Horowitz criticized the DOJ and the FBI for 17 “significant errors and omissions” related to the FISA warrants, for concealing potentially exculpatory information, and for the bureau's reliance on the dossier.
The DOJ watchdog said the FBI's explanations were “unsatisfactory across the board" but was unable to determine whether the mistakes were “gross negligence” or “intentional misconduct.”
The DOJ told the FISA court the final two Page FISA warrants were “not valid." FBI Director Christopher Wray agreed there had been illegal surveillance.
Grassley and Johnson pointed to comments Hennessey made about the 2018 FISA memo by GOP Rep. Devin Nunes that “exposed Crossfire Hurricane’s fundamental flaws.” Hennessey tweeted in January 2018 that the “process of debunking [the memo] will be thorough but take long enough that damage from widespread confusion will be done.”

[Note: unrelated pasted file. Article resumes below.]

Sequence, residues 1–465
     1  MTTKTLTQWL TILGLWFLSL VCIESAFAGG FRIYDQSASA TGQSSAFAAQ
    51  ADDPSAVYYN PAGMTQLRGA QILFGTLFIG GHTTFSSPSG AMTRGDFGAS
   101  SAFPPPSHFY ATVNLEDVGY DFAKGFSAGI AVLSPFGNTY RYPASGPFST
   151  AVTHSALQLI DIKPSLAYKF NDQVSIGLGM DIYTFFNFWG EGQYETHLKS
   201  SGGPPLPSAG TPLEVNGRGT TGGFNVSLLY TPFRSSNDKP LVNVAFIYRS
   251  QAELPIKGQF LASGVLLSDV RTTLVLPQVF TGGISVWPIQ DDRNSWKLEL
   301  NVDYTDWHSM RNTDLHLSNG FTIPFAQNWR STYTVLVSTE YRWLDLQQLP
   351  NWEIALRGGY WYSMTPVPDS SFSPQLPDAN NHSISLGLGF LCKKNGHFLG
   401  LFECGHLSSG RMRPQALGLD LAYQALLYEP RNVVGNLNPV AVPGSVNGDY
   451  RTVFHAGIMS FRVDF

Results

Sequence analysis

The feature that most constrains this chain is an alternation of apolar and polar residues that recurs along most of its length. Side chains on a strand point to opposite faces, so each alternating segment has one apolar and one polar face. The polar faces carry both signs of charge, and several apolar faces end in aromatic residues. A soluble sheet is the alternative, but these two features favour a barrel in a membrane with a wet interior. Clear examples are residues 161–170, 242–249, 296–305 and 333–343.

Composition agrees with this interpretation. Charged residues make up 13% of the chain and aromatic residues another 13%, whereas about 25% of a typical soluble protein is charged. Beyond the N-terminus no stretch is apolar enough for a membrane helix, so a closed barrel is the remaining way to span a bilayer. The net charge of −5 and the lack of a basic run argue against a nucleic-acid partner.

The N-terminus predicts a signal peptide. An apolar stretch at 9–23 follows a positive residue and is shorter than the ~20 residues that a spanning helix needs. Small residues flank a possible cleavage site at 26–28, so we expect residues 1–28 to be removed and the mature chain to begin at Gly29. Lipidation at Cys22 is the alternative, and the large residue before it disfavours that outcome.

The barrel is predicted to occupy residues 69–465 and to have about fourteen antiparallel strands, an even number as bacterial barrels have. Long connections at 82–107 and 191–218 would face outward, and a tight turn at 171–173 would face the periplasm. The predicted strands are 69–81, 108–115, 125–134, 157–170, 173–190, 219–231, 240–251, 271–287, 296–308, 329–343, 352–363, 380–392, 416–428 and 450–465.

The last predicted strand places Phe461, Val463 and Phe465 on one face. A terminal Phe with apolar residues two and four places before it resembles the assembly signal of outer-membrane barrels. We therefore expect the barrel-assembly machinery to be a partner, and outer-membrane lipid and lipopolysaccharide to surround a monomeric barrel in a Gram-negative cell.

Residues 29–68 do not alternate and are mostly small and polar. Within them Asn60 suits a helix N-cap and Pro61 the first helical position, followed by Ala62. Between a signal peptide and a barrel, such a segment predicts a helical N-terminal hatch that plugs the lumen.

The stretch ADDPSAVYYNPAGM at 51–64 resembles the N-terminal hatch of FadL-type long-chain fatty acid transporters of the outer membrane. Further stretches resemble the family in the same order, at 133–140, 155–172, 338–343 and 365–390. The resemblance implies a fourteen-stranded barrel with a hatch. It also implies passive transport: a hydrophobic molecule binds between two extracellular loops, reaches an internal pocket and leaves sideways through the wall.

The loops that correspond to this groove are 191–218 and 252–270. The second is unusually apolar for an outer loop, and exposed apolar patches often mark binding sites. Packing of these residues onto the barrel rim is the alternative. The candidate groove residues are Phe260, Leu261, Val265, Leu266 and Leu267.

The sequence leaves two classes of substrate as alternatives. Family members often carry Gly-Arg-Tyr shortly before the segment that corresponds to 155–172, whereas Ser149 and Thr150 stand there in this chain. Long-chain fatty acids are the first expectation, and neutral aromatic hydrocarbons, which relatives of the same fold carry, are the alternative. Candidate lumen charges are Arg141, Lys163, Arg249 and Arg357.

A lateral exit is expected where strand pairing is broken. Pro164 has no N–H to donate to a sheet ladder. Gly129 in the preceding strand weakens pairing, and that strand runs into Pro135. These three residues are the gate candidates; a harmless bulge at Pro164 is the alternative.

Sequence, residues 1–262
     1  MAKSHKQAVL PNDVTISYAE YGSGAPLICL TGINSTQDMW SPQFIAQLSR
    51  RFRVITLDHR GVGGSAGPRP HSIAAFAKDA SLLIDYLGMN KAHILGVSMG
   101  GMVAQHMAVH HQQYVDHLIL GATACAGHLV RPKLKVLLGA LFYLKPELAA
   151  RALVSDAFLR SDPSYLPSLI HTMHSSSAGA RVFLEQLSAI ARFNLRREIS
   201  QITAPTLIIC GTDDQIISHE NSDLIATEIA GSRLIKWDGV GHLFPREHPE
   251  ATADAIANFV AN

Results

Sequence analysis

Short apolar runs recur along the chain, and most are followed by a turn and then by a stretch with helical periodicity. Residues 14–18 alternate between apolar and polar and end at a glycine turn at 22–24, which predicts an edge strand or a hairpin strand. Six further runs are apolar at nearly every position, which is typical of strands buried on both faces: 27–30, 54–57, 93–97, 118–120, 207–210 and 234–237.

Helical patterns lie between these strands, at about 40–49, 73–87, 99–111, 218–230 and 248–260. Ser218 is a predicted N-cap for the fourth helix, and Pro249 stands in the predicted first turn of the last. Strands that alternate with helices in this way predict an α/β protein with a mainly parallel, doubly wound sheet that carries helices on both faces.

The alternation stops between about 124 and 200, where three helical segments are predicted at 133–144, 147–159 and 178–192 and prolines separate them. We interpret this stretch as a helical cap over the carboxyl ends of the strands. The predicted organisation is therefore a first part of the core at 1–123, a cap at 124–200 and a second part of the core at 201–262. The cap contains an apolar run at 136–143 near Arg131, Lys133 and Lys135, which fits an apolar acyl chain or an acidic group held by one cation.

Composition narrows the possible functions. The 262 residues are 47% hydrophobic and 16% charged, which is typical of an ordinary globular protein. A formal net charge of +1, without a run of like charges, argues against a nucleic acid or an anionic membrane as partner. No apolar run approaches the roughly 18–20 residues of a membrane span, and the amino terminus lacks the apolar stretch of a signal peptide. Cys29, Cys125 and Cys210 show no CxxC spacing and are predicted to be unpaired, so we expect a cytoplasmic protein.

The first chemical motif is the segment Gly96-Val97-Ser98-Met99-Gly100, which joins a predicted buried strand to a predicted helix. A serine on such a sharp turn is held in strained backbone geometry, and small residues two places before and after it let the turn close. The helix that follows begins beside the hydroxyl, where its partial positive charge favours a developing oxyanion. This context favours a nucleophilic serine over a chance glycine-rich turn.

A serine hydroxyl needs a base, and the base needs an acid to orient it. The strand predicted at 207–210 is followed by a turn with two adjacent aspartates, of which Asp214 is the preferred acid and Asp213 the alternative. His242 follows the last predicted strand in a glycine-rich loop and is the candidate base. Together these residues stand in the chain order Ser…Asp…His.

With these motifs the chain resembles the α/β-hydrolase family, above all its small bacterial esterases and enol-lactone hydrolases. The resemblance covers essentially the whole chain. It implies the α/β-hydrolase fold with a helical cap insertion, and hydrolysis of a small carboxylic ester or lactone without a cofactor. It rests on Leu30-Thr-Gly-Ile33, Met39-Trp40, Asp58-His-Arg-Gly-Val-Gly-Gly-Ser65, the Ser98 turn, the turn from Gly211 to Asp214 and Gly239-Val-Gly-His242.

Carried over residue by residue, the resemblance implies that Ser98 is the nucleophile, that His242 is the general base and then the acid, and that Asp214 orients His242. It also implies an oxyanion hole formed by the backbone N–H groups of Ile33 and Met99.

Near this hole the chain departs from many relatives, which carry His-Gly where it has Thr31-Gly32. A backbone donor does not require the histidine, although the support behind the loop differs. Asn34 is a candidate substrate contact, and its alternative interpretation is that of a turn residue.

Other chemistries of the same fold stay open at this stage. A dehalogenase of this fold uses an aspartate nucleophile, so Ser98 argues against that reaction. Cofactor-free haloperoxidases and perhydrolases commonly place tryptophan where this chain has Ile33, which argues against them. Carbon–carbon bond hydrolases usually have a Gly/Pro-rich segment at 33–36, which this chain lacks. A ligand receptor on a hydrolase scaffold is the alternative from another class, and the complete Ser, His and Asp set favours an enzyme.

The Republican memo found Steele's anti-Trump dossier formed an essential part of the FISA applications and that the political origins and bias of the Steele dossier were known to senior officials but excluded from FISA applications.
The senators concluded, “Hennessey’s partisan comments show a clear political bias that undercuts her ability to impartially work on some matters ... including the Durham inquiry.”
Hennessey told CNN in December 2018, “We can say without exaggeration that if Donald Trump was not currently president of the United States, he would be under indictment or he would be imminently under indictment."
Hennessey tweeted, “This is actually a very big deal” and that “the first concrete allegation of Trump team collusion” after a Washington Post reporter tweeted in June 2017 that a “GOP operative sought Clinton emails from Russian hackers, implied he was working with Mike Flynn.” Hennessey wrote in a Foreign Policy article, "It definitely moves the collusion ball down the field.” She wrote a 2019 article for Lawfare titled, “The Mueller Report Demands an Impeachment Inquiry."